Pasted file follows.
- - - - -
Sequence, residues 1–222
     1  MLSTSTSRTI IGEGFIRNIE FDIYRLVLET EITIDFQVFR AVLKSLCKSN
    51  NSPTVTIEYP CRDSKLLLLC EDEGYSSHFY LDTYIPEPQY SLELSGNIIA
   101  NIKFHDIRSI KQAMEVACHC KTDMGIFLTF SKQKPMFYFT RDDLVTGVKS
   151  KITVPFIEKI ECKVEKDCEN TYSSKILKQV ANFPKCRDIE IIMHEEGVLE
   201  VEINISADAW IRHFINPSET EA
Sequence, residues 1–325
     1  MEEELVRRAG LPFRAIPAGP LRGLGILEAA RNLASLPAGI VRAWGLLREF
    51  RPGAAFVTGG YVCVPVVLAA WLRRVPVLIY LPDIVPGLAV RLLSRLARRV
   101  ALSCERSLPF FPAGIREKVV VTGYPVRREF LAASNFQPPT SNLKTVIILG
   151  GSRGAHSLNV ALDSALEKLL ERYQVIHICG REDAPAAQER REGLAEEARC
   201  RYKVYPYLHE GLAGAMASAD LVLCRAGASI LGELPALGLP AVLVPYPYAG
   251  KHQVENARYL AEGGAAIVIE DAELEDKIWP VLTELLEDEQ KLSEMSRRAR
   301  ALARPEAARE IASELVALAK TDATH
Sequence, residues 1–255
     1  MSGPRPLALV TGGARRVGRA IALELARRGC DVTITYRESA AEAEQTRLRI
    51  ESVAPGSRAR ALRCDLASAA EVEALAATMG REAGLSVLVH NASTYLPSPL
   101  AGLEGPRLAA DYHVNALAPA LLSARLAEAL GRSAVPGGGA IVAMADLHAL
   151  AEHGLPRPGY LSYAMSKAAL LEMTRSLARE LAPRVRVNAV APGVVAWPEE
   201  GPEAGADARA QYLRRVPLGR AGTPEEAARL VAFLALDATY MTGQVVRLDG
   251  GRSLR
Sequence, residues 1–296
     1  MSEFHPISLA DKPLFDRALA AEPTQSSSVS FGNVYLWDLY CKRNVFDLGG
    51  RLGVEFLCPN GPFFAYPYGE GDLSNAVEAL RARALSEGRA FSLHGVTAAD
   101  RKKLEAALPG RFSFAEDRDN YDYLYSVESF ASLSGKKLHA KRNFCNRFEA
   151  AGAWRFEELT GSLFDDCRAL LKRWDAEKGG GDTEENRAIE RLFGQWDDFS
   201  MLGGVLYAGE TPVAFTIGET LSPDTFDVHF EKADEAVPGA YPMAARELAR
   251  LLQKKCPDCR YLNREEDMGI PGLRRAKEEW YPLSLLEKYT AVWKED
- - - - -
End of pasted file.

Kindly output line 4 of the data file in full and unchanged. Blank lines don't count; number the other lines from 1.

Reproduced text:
   101  NIKFHDIRSI KQAMEVACHC KTDMGIFLTF SKQKPMFYFT RDDLVTGVKS